A friend of mine is the manager of a large cafe in the city centre of Utrecht (The Netherlands). Every morning he will serve his first customers a coffee. For free. Because he thinks (and knows) that people will remember small random acts and tell others.
But he’s the only one to give away free drinks. The rest of his staff never hands out free drinks because of people being early, nice, memorable or just for the sake of … well, because they can. Possibly because they’re conditioned by a previous manager that they can’t give away free drinks. Because free drinks are ;less cash in the register;. Or because ‘you just don’t do that’.
And that’s why my friend had to set a new rule. When you’re working in his restaurant, you HAVE to give away at least three drinks/bites during your shift and report to him. To (almost) force his staff to be kind. To break the staff’s belief that you ‘just don’t give away free drinks’.
That’s the basic idea behind scripted authenticity and kindness.
Changing traditional companies to suddenly act ’empathic’, ‘authentic’ or ‘kind’ is not easy. Inspiring them helps. But sometimes you just need traditional methods to ‘force’ human behavior.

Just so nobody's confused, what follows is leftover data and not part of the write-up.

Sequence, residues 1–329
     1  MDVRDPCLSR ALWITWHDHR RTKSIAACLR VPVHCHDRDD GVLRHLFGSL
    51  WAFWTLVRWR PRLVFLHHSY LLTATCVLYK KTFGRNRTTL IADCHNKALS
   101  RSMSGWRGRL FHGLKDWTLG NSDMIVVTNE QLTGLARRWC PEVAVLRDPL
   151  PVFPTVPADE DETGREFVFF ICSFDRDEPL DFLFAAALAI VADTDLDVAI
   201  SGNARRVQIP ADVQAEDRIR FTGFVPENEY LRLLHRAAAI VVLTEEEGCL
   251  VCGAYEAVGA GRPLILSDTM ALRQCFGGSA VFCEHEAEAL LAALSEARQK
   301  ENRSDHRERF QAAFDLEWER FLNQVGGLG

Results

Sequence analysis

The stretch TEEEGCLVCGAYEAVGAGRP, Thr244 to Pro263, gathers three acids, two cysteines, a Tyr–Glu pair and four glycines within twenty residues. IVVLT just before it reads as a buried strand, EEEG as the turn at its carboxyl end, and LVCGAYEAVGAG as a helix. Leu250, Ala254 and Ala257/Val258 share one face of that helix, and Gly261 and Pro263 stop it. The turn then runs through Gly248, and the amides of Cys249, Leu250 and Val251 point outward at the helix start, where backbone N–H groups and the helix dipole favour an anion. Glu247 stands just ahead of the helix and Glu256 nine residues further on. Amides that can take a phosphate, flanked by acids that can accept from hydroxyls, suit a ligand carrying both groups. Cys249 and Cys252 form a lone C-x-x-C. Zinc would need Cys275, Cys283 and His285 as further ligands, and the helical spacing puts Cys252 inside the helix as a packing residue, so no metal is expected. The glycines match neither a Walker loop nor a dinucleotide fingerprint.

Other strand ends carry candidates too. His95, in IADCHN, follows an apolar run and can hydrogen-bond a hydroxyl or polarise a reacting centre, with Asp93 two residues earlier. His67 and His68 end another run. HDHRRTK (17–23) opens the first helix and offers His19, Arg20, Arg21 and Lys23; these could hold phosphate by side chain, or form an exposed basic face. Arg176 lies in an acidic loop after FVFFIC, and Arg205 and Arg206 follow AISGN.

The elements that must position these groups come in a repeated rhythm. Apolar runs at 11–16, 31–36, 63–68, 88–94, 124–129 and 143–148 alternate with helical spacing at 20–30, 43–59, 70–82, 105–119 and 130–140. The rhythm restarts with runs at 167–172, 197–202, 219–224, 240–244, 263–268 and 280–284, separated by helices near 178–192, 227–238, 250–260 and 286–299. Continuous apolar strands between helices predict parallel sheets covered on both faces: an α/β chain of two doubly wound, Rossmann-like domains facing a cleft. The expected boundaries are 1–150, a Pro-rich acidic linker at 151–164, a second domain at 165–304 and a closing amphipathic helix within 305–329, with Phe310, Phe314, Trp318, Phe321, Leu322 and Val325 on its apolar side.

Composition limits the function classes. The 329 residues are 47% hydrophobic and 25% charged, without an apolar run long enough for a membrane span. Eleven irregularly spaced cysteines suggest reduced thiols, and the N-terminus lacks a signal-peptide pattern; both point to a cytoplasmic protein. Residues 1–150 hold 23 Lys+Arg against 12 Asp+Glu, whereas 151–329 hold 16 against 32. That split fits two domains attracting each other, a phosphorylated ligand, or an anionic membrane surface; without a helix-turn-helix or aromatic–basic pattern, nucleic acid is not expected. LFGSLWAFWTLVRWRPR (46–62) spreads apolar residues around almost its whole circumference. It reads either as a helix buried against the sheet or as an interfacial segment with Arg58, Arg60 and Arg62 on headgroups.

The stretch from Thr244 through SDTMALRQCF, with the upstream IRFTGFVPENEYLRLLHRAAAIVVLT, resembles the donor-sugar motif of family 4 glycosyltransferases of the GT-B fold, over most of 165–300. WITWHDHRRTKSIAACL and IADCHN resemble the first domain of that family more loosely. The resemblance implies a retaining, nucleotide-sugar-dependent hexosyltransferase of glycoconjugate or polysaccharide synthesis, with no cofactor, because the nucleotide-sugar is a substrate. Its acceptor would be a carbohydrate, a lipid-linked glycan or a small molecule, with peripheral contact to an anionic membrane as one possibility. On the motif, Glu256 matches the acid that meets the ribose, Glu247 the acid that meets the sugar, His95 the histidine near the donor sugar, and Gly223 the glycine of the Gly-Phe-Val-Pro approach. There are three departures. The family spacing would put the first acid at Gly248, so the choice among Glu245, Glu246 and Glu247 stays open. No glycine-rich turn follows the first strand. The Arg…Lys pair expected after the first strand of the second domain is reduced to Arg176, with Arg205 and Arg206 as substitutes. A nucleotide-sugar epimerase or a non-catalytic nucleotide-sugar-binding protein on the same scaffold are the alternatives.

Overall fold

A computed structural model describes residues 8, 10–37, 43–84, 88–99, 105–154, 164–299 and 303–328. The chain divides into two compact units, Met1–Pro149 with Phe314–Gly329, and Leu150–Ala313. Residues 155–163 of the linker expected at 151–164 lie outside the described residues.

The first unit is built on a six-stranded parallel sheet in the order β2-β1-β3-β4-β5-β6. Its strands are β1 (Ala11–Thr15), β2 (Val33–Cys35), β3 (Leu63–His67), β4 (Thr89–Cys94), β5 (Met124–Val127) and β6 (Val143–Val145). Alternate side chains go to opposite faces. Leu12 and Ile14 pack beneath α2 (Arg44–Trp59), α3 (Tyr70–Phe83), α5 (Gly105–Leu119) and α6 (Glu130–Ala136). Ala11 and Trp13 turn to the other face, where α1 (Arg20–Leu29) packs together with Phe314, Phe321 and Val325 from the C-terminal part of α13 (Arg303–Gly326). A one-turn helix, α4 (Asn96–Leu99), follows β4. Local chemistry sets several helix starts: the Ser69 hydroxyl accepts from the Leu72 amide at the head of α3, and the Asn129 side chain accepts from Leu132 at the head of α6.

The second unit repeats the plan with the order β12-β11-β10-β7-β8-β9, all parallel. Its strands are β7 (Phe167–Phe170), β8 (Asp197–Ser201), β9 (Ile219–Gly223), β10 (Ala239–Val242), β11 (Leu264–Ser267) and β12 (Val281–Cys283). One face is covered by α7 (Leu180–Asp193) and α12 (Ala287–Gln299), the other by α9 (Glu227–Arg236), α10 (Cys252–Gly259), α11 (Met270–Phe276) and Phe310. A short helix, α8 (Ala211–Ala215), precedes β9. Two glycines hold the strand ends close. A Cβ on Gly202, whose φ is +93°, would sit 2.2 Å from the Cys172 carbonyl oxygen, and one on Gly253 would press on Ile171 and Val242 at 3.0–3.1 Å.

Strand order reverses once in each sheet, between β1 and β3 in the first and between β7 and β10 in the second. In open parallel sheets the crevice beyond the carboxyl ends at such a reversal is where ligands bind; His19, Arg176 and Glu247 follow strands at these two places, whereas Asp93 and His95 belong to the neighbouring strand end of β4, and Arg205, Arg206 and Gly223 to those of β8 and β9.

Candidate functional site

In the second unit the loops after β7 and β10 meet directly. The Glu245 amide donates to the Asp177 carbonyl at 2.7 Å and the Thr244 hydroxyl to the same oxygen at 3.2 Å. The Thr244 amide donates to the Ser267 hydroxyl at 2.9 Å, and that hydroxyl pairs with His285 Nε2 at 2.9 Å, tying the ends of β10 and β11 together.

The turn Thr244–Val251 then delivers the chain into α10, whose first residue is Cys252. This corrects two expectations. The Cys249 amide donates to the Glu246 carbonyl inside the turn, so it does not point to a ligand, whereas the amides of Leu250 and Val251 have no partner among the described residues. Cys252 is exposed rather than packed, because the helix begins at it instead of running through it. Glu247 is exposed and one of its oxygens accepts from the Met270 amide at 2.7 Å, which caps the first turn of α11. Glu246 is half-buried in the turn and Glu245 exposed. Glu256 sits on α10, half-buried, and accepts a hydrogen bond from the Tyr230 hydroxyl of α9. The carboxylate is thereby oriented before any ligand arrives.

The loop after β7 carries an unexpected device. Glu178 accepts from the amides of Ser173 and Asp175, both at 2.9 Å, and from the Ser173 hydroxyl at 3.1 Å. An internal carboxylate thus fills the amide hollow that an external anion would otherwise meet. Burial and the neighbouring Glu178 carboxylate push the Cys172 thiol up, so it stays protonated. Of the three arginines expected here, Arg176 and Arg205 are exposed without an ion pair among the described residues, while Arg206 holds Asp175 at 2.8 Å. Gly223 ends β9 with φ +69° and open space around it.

Hmm. I love the basic idea, but I’m skeptical about scripting it. Wouldn’t it be more effective and authentic if he simply told them to feel free to give a drink away once in a while? Right now I’m picturing the scene in Office Space where the waiter was told she has to have a minimum number of flair so that she could express herself. Making those kinds of things into rules takes away their authenticity.
I think the script makes the staff more comfortable in adopting this new behaviour. It sets clear boundaries for the staff. In their current mind set, it doesn’t feel good for them to give away things. Making it clear that giving away 3 drinks in a day is really OK for the Bossman, makes them more comfortable in doing it, which makes it more natural for them to do it. So I think it’s a good way to introduce this new behaviour to his staff.